The Jews answered him, "Are we not right in saying that you are a Samaritan and have a demon?" Jesus answered, "I do not have a demon, but I honor my Father, and you dishonor me. Yet I do not seek my own glory; there is One who seeks it, and he is the judge. Truly, truly, I say to you, if anyone keeps my word, he will never see death." The Jews said to him, "Now we know that you have a demon! Abraham died, as did the prophets, yet you say, 'If anyone keeps my word, he will never taste death.' Are you greater than our father Abraham, who died? And the prophets died! Who do you make yourself out to be?" Jesus answered, "If I glorify myself, my glory is nothing. It is my Father who glorifies me, of whom you say, 'He is our God.' But you have not known him. I know him. If I were to say that I do not know him, I would be a liar like you, but I do know him and I keep his word. Your father Abraham rejoiced that he would see my day. He saw it and was glad." So the Jews said to him, "You are not yet fifty years old, and have you seen Abraham?" Jesus said to them, "Truly, truly, I say to you, before Abraham was, I am." So they picked up stones to throw at him, but Jesus hid himself and went out of the temple."
God directed you to this sermon, I believe, so that you would know, first, that you don't have to die, and, second, so that you would know that Jesus, who makes this promise to you, is God—the God of Israel, the God of all. And, third, you are here because God wants you to see the implication for your life of knowing you will not die.
From Tragedy, Greatness
There is another great reality in John 8:48–59—namely, the opposition Jesus gets from the Jews.
The purpose of showing the opposition in this text is not because it's pleasant to watch. It is tragic to watch. These are his own people calling him demonized. The reason for describing the opposition is that it's the opposition that brings out the greatness—the mystery—of who Jesus is. They demand it. Look at the end of verse 53: "Who do you make yourself out to be?" And it's the final answer to that question that brings this story to a fierce conclusion, because they take up stones—their form of capital punishment for blasphemy (Leviticus 24:16)—and Jesus hid himself, because his time was not yet come, and stoning was not the way he must die.
Deity and Deathlessness
So let's take two of the great realities in this text—the deity of Jesus and the deathlessness of his followers—and open them up with the help of the opposition that they receive in this text. And let's discover the astonishing implication of our deathlessness for our lives.
The text starts with opposition because the conflict in the first part of the chapter has already been intense. It ends in verse 47 with Jesus' words: "Whoever is of God hears the words of God. The reason why you do not hear them is that you are not of God." So they have already shown themselves deaf to the meaning of Jesus' words. His words only offend them.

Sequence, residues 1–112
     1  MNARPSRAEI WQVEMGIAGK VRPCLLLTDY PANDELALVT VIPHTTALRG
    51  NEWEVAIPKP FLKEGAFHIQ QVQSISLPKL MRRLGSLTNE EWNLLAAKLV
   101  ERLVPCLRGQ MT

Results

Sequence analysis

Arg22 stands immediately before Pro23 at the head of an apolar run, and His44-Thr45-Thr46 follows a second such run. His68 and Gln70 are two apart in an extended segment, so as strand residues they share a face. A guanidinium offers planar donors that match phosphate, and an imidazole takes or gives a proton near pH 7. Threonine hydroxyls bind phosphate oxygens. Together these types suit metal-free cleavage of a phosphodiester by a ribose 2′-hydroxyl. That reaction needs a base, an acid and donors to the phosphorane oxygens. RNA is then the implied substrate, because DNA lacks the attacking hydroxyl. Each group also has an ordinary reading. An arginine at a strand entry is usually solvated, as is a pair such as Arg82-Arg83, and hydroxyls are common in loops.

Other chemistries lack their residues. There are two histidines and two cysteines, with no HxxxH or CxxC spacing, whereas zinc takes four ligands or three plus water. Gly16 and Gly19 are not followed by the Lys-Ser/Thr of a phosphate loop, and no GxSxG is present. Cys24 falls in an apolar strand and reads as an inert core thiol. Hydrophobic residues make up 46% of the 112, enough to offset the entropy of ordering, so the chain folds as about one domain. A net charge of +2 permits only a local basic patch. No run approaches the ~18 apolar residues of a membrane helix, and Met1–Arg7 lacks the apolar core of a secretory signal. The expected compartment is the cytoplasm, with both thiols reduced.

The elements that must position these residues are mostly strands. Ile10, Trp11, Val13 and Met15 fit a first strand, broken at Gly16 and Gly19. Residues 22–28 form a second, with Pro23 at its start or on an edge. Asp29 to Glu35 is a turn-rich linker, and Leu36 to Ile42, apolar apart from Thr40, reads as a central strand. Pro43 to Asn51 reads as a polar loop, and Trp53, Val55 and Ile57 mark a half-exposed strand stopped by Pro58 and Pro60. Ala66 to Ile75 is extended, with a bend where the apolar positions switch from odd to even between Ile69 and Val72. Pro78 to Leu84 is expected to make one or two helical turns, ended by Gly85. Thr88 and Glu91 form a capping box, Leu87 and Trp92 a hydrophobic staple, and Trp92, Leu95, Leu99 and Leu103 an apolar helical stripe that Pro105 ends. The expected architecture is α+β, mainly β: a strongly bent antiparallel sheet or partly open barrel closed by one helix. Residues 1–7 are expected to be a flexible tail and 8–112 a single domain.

Vicious Opposition to Jesus
So our text begins with their indictment of Jesus. Verse 48: "The Jews answered him, 'Are we not right in saying that you are a Samaritan and have a demon?'" The Jews despised the Samaritans and half-breeds who had intermarried with Gentiles six centuries earlier and now followed their own version of Old Testament religion. Calling Jesus a Samaritan was a kind of racial slur with the innuendo that his real father was unknown. And to make the insult clear, they said he had a demon. So this is vicious opposition. It is amazing that Jesus continues to talk to them.
He answers them in verses 49–50, "I do not have a demon, but I honor my Father, and you dishonor me. Yet I do not seek my own glory; there is One who seeks it, and he is the judge." Jesus says, in effect, I don't need to defend myself, because God the Father seeks my glory. In other words, if you dishonor me, instead of glorifying me, you set yourself against God. If you oppose me, you oppose the one who is committed to honor me.
Warning: Final Judgment
And then he says, You don't want to do that because God is the one who judges (verse 50 at the end). In other words, ultimate things are at stake in the way we respond to Jesus. Almighty God defends his glory. And when it comes to final judgment, the criterion is going to be the glory of Jesus—what did we do with Jesus, the glory of Jesus? And if we turned away from him, or turned against him, God will be our judge. So verse 49 and 50 are a warning.
Coming for Salvation, Not for Judgment
But all through this whole book the message has been: The Son of God did not come for judgment but for salvation. He did not come to condemn, but to save. John 3:17: "God did not send his Son into the world to judge the world, but in order that the world might be saved through him."
So Jesus finishes his response to their indictments like this (verse 51): "Truly, truly, I say to you, if anyone keeps my word, he will never see death." In other words, you have gotten to the point where you are blaspheming me, calling me a half-breed and demonized. And you are in great danger of God's judgment, but I hold out to you once more the gift of salvation. If you will keep my word, you will never see death.